MARY ELISABETH DREIER, 1875-1963
Mary Elisabeth Dreier (also known as Mimi, Mietze, and Tolochee), social reformer, was born in Brooklyn, New York, on September 26,1875, the fourth of five surviving children of Theodor Dreier and Dorothea Adelheid (Dreier) Dreier. Theodor Dreier emigrated to the United States from Bremen, Germany in 1849; he settled in New York City, where he eventually became a partner in the local branch of Naylor, Benson and Co., an English iron firm. In 1864 he returned to Germany for a visit and married a younger cousin, Dorothea. They had five children: Margaret Dreier(1868-1945), Dorothea Adelheid (1870-1923), Henry Edward (1872-1955), Mary, and Katherine Sophie (1877-1952).
MED attended George Brackett's school in Brooklyn. She took classes at the New York School of Philanthropy but did not seek a college degree. A strong religious background helped motivate MED to undertake reform work. In 1899 she met Leonora O'Reilly, a former garment worker who was head of a local settlement house. O'Reilly later brought both MED and her sister Margaret into the New York Women's Trade Union League, a coalition of women workers and middle and upper-class women reformers founded in 1903 to organize working women and educate the public about urban labor conditions.
MED served as president of the NYWTUL from 1906 to 1914 and remained active in the organization until it disbanded in 1950. She was arrested while demonstrating during the 1909 strike of shirtwaistmakers and was henceforth a leading spokeswoman for labor reform on behalf of women workers. She was the only woman on the New York State Factory Investigating Committee, which was appointed after the Triangle Shirtwaist Company fire in 1911. Between 1911 and 1915 MED, chairman Robert F. Wagner, vice-chairman Alfred E. Smith, and six other commissioners wrote a report that helped to modernize the state's labor laws.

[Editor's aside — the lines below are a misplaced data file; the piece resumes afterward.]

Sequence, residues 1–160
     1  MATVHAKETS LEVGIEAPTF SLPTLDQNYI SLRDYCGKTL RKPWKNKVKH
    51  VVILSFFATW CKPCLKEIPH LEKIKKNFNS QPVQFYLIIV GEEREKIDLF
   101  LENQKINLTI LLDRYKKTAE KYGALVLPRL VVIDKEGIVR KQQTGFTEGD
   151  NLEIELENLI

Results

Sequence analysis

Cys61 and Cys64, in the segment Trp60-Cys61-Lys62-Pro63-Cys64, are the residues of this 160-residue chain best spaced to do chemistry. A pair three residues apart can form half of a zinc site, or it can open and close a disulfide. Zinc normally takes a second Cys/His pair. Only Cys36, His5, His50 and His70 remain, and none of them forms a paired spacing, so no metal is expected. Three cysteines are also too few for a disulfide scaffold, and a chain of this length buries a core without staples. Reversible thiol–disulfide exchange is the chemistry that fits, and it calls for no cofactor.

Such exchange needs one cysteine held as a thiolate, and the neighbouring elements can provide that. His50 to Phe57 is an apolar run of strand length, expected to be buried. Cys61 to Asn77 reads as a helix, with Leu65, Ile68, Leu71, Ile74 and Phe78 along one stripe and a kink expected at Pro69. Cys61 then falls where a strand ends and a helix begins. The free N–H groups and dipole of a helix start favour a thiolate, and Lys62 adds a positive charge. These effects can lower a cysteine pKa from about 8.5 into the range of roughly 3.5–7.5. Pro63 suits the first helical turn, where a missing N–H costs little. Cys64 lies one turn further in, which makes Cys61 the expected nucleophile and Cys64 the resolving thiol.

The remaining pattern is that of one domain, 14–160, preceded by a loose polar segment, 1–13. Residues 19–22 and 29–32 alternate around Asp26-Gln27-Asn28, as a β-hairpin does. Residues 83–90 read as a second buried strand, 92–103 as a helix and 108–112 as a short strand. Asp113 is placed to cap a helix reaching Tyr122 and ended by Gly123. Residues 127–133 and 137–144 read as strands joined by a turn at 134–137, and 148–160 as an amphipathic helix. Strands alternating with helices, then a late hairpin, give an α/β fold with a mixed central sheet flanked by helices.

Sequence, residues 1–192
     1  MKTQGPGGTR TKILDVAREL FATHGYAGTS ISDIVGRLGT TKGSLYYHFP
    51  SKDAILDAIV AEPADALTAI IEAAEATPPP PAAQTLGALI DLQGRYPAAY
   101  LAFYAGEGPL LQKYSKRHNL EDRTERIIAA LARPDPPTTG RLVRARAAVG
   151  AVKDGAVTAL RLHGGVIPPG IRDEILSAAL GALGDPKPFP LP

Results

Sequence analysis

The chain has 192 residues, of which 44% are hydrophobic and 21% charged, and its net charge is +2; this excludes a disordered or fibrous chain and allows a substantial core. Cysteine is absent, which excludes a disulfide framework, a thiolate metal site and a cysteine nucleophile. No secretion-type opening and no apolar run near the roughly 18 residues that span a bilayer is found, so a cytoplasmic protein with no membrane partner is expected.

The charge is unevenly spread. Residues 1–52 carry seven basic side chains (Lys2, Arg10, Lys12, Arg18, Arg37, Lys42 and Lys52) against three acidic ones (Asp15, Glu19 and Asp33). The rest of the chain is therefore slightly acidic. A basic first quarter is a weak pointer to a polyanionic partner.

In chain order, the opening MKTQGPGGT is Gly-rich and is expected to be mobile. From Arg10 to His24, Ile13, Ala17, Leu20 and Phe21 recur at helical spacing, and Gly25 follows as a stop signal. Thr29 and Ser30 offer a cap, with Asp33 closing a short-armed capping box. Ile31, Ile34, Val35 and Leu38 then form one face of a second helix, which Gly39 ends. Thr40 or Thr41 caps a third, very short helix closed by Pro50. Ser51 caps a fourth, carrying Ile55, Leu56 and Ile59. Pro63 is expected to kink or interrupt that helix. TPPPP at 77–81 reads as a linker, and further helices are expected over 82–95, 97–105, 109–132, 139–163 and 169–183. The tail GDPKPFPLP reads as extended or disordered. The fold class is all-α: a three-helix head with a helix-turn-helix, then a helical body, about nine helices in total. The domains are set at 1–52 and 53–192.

The negative attitude of male trade unionists towards women workers helped turn MED into an ardent supporter of suffrage and women's rights; she chaired New York City's Woman Suffrage Party. On the national level MED often supported Progressive Party nominees, including Robert M. LaFollette and Henry A. Wallace, although like many progressives she was an enthusiastic backer of Franklin D. Roosevelt and the New Deal.
MED served on a number of government and private committees concerned with labor and women. Later in life, however, she focused more of her attention on international issues and American foreign policy. Between the two world wars she was a supporter of Soviet-American friendship and an outspoken opponent of the regime in Nazi Germany; after World War II she opposed nuclear proliferation. She was investigated by the FBI in the 1950's.
MED wrote numerous poems, plays and skits during her long life. In 1914 she wrote Barbara Richards, a novel about working women that was never published. In 1950 she published a laudatory biography of her sister, Margaret Dreier Robins: Her Life, Letters and Work.
MED's income came from a trust fund left by her father; she was a generous supporter of causes, the WTUL, numerous friends, and family members. She remained close to her brother and sisters, and to her brother's children and grandchildren, and kept up a long correspondence with relatives in Germany. She never married, but shared a home with fellow reformer Frances Kellor from 1905 until the latter's death in 1952. Thereafter she lived alone, still a busy correspondent and active in favorite causes despite increasingly frail health. She died of a pulmonary embolism on August 15, 1963, at her summer home at Bar Harbor, Maine, at the age of 87.